Referring also to FIGS. 13a-13d, the soundwaves 108 from the third orifices 32.3' propagate into a third gap 30.3 between the third 12.3' and fourth 12.4" fluted-frustoconical cups of the acoustic-baffle assembly 10, 10.1. The soundwaves 108 then reflect off the inside of the relatively proximate radially-inwardly-extending grooved portions 28 of the fourth fluted-frustoconical cup 12.4, 12.4", away from the third orifices 32.3', and along the third gap 30.3 responsive to the curvature of the inside of the relatively proximate radially-inwardly- extending grooved portions 28 of the fourth fluted-frustoconical cup 12.4, 12.4". The size of the third gap 30.3 and the local circumferential extent of the third orifices 32.3' are configured so that path of the soundwaves 108 changes by at least 60 degrees - although beneficially at least 90 degrees— as a result of multiple reflections within the third gap 30.3, before exiting therefrom through the fourth orifices 32.4" ~ having the second "stretched rectangular" shape 34.2 and located proximate to the azimuthal centers of the radially- outwardly-extending ridged portions 26 ~ of the fourth fluted-frustoconical cup 12.4, 12.4"

Referring also to FIGS. 14a-14d, the soundwaves 108 from the fourth orifices 32.4" propagate into a fourth gap 30.4 between the fourth 12.4" and fifth 12.5' fluted-frustoconical cups of the acoustic-baffle assembly 10, 10.1. The soundwaves 108 then reflect off the inside of the relatively proximate radially-outwardly-extending ridged portions 26 of the fifth fluted-frustoconical cup 12.3, 12.5', away from the fourth orifices 32.4", and along the second gap 30.2 responsive to the curvature of the inside of the relatively proximate radially- outwardly-extending ridged portions 26 of the fifth fluted-frustoconical cup 12.5, 12.5'. The size of the fourth gap 30.4 and the local circumferential extent of the fourth orifices 32.4" are configured so that path of the soundwaves 108 changes by at least 60 degrees - although beneficially at least 90 degrees— as a result of multiple reflections within the fourth gap 30.4, before exiting therefrom through the fifth orifices 32.5' — having the first "stretched circular" shape 34.1 and located proximate to the azimuthal centers of the radially-inwardly- extending grooved portions 28 ~ of the fifth fluted-frustoconical cup 12.5, 12.5' 12.3, 12.3'.

Finally, referring also to FIGS. 15a- 15d, the soundwaves 108 from the fifth orifices 32.5' propagate into a fifth gap 30.5 between the fifth 12.5' and sixth 12.6" fluted- frustoconical cups of the acoustic-baffle assembly 10, 10.1. The soundwaves 108 then reflect off the inside of the relatively proximate radially-inwardly-extending grooved portions 28 of the outermost (sixth) fluted-frustoconical cup 12.6, 12.6", away from the fifth orifices 32.5', and along the fifth gap 30.5 responsive to the curvature of the inside of the relatively proximate radially-inwardly-extending grooved portions 28 of the outermost (sixth) fluted- frustoconical cup 12.6, 12.6". The size of the fifth gap 30.5 and the local circumferential extent of the fifth orifices 32.5' are configured so that path of the soundwaves 108 changes by at least 60 degrees - although beneficially at least 90 degrees— as a result of multiple reflections within the fifth gap 30.5, before exiting therefrom through the sixth orifices 32.6" ~ having the second "stretched rectangular" shape 34.2 and located proximate to the azimuthal centers of the radially-outwardly-extending ridged portions 26 ~ of the outermost (sixth) fluted- frustoconical cup 12.6, 12.6", and into an acoustic cavity 106 of the associated acoustic- absorber system 100, 100.1, 100.2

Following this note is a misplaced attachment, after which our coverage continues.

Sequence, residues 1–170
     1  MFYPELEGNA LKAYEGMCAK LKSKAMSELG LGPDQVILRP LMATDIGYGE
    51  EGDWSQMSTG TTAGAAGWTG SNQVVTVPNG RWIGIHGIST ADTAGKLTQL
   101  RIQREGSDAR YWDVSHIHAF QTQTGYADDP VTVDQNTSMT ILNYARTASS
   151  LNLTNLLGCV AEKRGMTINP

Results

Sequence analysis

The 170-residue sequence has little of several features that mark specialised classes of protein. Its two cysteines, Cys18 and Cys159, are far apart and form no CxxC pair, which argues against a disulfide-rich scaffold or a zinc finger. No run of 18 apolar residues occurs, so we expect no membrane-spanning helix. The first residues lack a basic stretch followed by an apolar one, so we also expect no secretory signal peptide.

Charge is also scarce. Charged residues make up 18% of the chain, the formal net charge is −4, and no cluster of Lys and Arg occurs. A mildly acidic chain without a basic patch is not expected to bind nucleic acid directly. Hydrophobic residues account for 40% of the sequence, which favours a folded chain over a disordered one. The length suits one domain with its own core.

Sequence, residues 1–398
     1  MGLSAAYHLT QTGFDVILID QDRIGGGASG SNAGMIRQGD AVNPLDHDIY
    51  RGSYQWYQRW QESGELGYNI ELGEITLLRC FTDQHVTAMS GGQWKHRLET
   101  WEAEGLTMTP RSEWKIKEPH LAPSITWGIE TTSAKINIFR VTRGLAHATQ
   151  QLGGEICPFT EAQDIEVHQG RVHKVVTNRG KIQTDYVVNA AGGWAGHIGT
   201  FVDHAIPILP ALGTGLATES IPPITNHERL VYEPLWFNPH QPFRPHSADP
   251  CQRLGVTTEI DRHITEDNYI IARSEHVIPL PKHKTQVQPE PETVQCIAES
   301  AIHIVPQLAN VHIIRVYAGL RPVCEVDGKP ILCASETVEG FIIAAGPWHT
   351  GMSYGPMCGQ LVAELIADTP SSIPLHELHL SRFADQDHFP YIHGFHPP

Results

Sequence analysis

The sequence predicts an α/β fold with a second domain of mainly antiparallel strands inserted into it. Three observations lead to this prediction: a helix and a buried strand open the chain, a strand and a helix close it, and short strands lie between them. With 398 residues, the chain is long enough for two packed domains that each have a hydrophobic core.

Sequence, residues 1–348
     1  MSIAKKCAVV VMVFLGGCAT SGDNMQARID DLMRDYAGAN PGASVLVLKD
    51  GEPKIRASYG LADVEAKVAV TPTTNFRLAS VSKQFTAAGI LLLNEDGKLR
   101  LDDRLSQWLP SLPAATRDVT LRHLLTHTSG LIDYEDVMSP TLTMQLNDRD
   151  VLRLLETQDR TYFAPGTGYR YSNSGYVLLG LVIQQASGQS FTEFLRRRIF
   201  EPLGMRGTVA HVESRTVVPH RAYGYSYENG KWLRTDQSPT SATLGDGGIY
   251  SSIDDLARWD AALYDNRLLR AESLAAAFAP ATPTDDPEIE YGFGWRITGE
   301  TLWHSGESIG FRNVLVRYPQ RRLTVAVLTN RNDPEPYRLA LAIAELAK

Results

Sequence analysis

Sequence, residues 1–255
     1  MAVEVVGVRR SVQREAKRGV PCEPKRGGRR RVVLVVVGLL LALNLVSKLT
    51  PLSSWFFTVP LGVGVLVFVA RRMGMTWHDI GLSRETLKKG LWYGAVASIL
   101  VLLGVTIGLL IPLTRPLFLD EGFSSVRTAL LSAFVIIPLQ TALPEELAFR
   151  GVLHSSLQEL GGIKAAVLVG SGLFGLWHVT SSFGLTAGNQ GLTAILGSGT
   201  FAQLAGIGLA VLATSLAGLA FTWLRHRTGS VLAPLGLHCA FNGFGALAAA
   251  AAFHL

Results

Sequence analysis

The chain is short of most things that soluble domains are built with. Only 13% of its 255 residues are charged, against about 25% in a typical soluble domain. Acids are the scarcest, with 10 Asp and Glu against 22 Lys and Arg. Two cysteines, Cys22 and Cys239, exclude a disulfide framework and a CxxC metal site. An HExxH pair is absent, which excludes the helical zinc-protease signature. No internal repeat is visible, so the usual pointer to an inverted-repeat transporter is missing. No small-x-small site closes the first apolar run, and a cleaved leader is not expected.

Accordingly, the soundwaves 108 entering the acoustic-baffle assembly 10, 10.1 undergo multiple reflections and travel along a myriad of different paths of different associated path lengths within the acoustic-baffle assembly 10, 10.1, which results in substantial smearing or scrambling of the phase thereof, causing substantial attenuation of the amplitude thereof as a result of destructive interference caused by associated phase cancelation either within the acoustic-baffle assembly 10, 10.1 or within the acoustic cavity 106 of the associated acoustic- absorber system 100, 100.1, 100.2

Referring again to FIGS. 1 or 2, soundwaves 108 exiting the acoustic-baffle assemblies 10, 10.1 in various directions then enter the acoustic cavity 106, resulting in a further myriad of addition reflections therein, which causes additional phase smearing or scrambling of the soundwaves 108 therein, and associated destructive interference thereof. Reverse-directed soundwaves 108' from within the acoustic cavity 106 are also free to enter the sixth orifices 32.6" of the outermost (sixth) fluted-frustoconical cups 12.6 of the acoustic-baffle assemblies 10, and will experience additional phase smearing or phase scrambling, and associated destructive interference by phase cancellation, but these reverse- directed soundwaves 108' will have been substantially attenuated by action of the acoustic cavity 106 prior to entering the sixth orifices 32.6" of the outermost (sixth) fluted- frustoconical cups 12.6 of the acoustic-baffle assemblies 10. In addition to their scrambling effect, the acoustic-baffle assemblies 10 have sufficient openness to provide for soundwaves 108 to readily enter the acoustic cavity 106, which provides for destructive interference by phase cancellation, but also provides for sufficiently constraining the soundwaves 108 therewithin for a sufficient period of time to provide for the destructive interference from phase cancelation to occur.